It came and went. That day that seems to be so far away mid march. There’s nothing you can do. Tackle stowed solemnly behind the tench rods, metaphorically speaking maybe. Looking back at my past records though, the first day of the river season is never a good one for me. Even so, without a car for the main event, I could only dream about what could have been. A fistful of plump chub would have surely made their way into the net, falling for the old favourite way of catching them; trotted bread flake. Or maybe a barbel would have took a static bait presented daringly close to an overhanging tree. And how could a day fishing a waggler shallow for the prince of the stream go without a mention. A huge shoal of hungry dace devouring any maggot hitting the surface within seconds of it doing so.
With the car returned and running ‘like new’, a few days had passed since that important date in the anglers calendar. It might not have been the national opening day but it didn’t matter. This was my opening day. I knew I couldn’t get out until evening so I planned to fish as close to home as possible and fish well into darkness. This meant the river I would fish was not an easy one. Not to worry. Once more I would be a part of a beautiful picture of lush river banks, dark deep pools and skylines of blue. Here I could drift in and out of my thoughts and share a few hours with nature. This picture didn’t need fish to complete it. I wouldn’t turn them away, however.
I hedged my bets and baited two swims hen I arrived around eight o’clock. Both very different from each other. One with a gentler pace and deeper in depth and the other faster and shallower. Into each was fed 3mm halibut pellets, and palmful of 6mm pellets and a selection of hookbait sample. In this case, 10mm halibut pellets. Did I mention I was using halibut pellets?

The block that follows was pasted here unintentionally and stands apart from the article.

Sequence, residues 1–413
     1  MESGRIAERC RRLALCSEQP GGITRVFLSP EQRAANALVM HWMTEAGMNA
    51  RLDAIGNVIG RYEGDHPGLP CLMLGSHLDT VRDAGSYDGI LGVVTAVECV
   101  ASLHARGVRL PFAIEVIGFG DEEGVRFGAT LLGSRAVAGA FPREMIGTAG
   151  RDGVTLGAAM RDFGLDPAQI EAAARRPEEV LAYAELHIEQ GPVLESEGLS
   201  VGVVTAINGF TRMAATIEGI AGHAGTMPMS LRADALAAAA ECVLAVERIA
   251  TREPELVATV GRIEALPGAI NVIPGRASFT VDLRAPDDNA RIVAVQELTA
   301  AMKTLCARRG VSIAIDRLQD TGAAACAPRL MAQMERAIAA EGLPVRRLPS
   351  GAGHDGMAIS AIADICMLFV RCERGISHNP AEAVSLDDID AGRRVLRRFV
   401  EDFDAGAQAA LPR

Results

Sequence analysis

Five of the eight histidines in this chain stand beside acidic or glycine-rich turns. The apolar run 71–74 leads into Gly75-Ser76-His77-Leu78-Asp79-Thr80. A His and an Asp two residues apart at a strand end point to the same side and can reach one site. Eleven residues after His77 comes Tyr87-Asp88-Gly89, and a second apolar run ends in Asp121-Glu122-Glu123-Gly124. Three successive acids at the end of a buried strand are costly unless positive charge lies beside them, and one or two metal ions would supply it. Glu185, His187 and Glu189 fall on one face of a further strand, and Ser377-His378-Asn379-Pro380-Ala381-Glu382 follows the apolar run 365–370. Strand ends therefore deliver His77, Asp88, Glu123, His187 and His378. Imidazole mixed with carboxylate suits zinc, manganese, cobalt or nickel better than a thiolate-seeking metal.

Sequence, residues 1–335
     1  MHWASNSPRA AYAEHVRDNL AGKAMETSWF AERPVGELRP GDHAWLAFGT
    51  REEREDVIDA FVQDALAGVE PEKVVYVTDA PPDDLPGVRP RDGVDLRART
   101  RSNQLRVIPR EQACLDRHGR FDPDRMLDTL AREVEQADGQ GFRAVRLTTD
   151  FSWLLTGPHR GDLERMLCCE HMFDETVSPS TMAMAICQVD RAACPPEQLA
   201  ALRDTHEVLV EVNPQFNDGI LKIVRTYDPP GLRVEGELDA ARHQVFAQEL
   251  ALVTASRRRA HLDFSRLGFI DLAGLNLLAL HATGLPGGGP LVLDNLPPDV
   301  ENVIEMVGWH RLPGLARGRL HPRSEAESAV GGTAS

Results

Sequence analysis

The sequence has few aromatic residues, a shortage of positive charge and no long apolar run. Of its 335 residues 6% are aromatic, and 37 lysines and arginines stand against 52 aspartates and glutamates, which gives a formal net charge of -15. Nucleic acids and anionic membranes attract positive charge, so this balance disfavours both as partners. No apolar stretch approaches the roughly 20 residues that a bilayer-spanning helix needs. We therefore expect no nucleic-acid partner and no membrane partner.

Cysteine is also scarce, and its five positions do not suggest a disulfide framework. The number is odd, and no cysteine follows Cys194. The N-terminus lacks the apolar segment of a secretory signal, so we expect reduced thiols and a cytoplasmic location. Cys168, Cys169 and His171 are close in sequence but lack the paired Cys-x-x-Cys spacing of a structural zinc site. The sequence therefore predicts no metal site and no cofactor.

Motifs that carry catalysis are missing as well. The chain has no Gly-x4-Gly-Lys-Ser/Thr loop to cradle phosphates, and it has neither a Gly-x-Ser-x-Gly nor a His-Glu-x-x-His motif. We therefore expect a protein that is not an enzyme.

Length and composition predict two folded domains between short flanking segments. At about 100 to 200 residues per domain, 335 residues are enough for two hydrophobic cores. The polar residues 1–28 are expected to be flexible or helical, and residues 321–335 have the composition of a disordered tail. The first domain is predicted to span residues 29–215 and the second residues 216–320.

I set up the rod back at the car before making my way to the first swim. The run itself was on my own bank so I could gently flick out the rig with minimal disturbance. I fancied it here less so I planned to fish until a little before dusk then move to the second. As I expected little happened for 90 minutes. Not a pull or a twitch on the tip. I always had the next swim though. If one thing can be said about anglers we are an optimistic bunch. So whilst I watched the tip for the last ten minutes before moving on, my mind was filled with the impressive fish that could be potentially be gaining in confidence a little up river.
A while later I was settled into my second swim. Rigs in position, I sat back silent as a statue. As still as one too. With the dropping light levels so the sounds around me became elevated. Everyday noises began to seem alien. Heightened by the fact I was becoming less dependant on my eyes. It’s amazing how at moments like this the world around you transforms. It’s one of the reason I love fishing at into night. A totally unique experience all round. And when that isotope stutters into life, the feeling is something else. Unfortunately on this occasion that never happened. At one o’clock I called quits and vowed to return soon. Another ‘opening day’ disappointment then? Not at all. As I said earlier the fish would have been the icing on the cake. But this cake tasted sweet enough on its own. I was treated to a glorious sunset, glimpses of tiny mammals venturing out for a night of foraging, and when I got home I slept like a child. What more could you ask for?
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Until Next time tight lines